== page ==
Are There Unexpected Benefits Forgiveness?
ARE THERE UNEXPECTED BENEFITS OF FORGIVENESS?
To begin … I think it’s valuable to distinguish some conflicting beliefs about forgiveness. There is one school of thought that allows the act of forgiveness to be fully encapsulated in the words, “I forgive you.” Does uttering this phrase automatically constitute forgiveness? … or is it simply what you’re supposed to say?
There is Oscar Wilde’s famous quote, Always forgive your enemies-nothing annoys them so much. This stance does little to quell resentment, bond the conflicting parties or move issues forward. Instead of forgiveness let’s call this humorous advice on how to maintain “enemy status” with a noble appearance.
A different quote by the late theologian Lewis B. Smedes offers another kind of forgiveness: To forgive is to set a prisoner free and discover that the prisoner was you. This is forgiveness. This begs for no restorative justice or apology from the other party.
The important distinction
If we take Wilde’s stance we do the same or worse than not forgiving. We increase and propel the conflict into the future. This breathes life into resentment and anger.
There are some contemporary societal cues that will tell you … Don’t back down … Be strong … Don’t be a door mat! These are no doubt useful in certain circumstances, but in those trying moments of conflict is the best choice to always stand your ground? … or can you be strong enough to give up your position and forgive? If you’ve ever been involved in or remotely close to a divorce you’ve probably noticed the cost of taking the stance of … Don’t back down … or Be strong. Nothing against the practice of Family Law, but divorce lawyers continue to cash in on people’s unwillingness to forgive.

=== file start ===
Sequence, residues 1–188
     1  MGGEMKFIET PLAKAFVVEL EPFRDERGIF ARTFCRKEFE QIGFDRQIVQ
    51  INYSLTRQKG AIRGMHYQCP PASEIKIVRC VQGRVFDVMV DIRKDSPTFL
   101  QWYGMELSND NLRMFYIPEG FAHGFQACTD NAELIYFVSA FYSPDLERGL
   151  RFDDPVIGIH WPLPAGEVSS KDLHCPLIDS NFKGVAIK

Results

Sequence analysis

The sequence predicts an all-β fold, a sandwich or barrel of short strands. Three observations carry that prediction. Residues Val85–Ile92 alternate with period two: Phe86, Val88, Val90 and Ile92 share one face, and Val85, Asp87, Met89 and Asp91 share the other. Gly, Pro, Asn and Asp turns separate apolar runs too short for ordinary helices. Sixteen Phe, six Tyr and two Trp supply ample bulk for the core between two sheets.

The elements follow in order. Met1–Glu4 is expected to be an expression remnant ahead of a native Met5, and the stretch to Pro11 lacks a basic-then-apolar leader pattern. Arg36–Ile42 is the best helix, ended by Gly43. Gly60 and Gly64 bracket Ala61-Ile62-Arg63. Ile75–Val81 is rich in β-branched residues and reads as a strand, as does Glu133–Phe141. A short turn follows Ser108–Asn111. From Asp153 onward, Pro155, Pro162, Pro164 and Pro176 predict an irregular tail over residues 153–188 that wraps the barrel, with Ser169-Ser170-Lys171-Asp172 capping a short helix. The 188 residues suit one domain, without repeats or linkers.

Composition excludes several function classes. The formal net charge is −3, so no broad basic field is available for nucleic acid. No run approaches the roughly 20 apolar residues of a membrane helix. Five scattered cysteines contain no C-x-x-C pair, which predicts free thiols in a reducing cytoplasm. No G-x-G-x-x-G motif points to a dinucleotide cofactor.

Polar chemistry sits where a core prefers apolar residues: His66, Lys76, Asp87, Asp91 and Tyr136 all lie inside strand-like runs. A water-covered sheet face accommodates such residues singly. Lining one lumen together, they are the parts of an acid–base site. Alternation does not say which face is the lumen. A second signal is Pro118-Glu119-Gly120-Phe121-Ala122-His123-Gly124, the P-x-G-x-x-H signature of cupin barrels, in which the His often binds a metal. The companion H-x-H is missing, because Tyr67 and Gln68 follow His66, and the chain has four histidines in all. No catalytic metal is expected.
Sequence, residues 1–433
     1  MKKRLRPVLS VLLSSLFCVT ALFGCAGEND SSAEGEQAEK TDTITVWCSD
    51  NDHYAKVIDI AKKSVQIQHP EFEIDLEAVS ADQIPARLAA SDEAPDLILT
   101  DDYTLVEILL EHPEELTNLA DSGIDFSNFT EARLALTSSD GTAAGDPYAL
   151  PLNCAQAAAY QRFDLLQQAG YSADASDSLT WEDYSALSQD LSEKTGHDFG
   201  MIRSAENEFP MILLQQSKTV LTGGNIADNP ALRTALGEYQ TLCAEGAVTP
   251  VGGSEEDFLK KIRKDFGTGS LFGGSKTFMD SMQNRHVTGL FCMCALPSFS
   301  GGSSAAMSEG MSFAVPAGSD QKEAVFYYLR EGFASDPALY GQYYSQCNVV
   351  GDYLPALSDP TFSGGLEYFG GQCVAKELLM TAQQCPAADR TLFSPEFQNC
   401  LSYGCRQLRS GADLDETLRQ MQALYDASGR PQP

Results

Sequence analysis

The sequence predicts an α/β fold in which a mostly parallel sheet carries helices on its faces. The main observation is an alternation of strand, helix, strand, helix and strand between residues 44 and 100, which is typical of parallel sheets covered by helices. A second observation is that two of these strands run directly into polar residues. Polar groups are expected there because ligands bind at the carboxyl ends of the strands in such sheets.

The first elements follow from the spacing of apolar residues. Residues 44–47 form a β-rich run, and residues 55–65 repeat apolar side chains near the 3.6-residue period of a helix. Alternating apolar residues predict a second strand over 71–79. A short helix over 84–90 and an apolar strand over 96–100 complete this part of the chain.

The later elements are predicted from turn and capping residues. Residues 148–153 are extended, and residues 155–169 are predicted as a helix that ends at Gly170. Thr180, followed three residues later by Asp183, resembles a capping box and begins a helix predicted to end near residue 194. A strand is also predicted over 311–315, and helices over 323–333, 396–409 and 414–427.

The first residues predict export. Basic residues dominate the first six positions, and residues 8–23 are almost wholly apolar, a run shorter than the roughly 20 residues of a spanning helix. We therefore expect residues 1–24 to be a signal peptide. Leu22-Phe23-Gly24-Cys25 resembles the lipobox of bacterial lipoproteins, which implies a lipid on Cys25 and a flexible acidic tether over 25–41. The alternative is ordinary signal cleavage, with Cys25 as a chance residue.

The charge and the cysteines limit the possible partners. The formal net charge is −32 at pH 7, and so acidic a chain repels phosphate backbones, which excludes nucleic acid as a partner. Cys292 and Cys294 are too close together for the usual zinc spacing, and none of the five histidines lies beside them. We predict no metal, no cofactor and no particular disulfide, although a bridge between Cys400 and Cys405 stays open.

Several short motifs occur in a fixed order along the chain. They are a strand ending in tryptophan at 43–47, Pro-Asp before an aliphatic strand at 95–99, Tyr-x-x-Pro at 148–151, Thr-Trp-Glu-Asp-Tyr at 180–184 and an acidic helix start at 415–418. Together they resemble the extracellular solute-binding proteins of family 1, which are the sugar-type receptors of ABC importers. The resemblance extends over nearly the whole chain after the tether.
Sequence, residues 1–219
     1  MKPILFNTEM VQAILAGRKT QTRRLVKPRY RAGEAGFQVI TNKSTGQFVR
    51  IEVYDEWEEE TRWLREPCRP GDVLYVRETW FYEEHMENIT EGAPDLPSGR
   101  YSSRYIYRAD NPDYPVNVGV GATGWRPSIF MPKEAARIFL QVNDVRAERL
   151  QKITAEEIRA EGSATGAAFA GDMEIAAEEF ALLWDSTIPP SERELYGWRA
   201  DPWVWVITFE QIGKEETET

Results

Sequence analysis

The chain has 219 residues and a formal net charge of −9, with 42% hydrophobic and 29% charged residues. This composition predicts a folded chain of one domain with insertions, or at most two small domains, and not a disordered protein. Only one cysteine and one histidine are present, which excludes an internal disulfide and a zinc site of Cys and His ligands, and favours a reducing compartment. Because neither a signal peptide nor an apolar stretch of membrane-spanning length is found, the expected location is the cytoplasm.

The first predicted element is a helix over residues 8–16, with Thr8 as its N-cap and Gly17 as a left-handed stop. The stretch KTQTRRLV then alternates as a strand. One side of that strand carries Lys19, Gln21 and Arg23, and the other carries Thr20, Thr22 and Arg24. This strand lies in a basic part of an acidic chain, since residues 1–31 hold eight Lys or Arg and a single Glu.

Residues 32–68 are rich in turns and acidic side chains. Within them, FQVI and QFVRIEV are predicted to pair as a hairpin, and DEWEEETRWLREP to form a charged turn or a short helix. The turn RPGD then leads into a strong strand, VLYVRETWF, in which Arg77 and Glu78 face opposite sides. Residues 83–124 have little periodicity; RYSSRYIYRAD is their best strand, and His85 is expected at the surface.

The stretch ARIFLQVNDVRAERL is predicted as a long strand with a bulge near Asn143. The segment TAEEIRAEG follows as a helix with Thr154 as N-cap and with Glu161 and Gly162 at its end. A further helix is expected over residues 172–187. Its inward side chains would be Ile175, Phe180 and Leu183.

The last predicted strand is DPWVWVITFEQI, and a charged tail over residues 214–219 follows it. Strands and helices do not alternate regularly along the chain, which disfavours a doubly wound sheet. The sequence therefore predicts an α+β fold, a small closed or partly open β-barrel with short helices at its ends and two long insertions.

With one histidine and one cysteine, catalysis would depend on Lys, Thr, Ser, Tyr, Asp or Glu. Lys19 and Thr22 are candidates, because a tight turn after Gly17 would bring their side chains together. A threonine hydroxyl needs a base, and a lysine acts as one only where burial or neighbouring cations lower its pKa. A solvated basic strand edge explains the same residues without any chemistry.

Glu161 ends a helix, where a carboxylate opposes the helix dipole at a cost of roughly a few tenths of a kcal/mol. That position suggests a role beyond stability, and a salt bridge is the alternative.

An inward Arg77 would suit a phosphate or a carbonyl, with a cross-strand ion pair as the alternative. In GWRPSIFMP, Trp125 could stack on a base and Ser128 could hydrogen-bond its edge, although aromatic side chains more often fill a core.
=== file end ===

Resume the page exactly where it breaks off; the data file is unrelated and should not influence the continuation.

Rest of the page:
Smedes’ version offers completion. It is a conclusion. When we forgive we end the unkind kerfuffle once and for all. We can get on with our lives.
The urge to get restitution can be overwhelming. I know this all too well, as FAIRNESS is a core value of mine. I tend to get blindsided by the belief that getting even can be necessary. However, I ask you to consider that whatever satisfaction gained by winning this little battle of right v. wrong consistently pales in comparison to the grace and gift of true forgiveness.
In your own life have you noticed a willingness to forgive the way Dr Smedes is suggesting? This kind of forgiveness could also be described as “to give as before” … to actually give your
attention, listening and respect to the offender as if the incident never happened.
So what is my advantage if I let some perpetrator off the hook?
Let’s start with freedom … a repetitive word in this blog, but worthy.
Freedom from what’s eating at you is what we’re talking about here. This may seem obvious by now, but in moments where forgiveness is lacking, holding on to resentment can be easily justified. The impact of which is similar to drinking the poison hoping the other person dies. This can go on so long we have completely forgotten what perpetration originally took place against us. Look at adult sibling relationships. It has become quite acceptable to have lifelong resentments exist in families dating back to adolescence. What’s the cost here? What’s available if one of the brothers or sisters were to forgive? What would that add to their quality of life? What burden could be relieved from their heart and mind?